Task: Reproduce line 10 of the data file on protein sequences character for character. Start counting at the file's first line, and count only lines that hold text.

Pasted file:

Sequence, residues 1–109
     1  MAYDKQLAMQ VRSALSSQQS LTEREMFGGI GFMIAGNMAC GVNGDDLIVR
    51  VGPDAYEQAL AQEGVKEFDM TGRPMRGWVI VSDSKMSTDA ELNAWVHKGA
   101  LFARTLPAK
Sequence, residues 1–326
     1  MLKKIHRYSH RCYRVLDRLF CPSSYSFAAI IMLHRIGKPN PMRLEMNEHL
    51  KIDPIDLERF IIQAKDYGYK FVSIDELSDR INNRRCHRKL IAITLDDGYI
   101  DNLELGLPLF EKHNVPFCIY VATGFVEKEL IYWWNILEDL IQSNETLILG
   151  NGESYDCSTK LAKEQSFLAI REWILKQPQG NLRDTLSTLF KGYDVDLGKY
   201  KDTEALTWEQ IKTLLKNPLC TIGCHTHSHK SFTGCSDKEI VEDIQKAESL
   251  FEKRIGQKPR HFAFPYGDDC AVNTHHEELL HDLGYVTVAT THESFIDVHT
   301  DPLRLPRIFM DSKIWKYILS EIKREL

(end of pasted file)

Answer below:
   201  KDTEALTWEQ IKTLLKNPLC TIGCHTHSHK SFTGCSDKEI VEDIQKAESL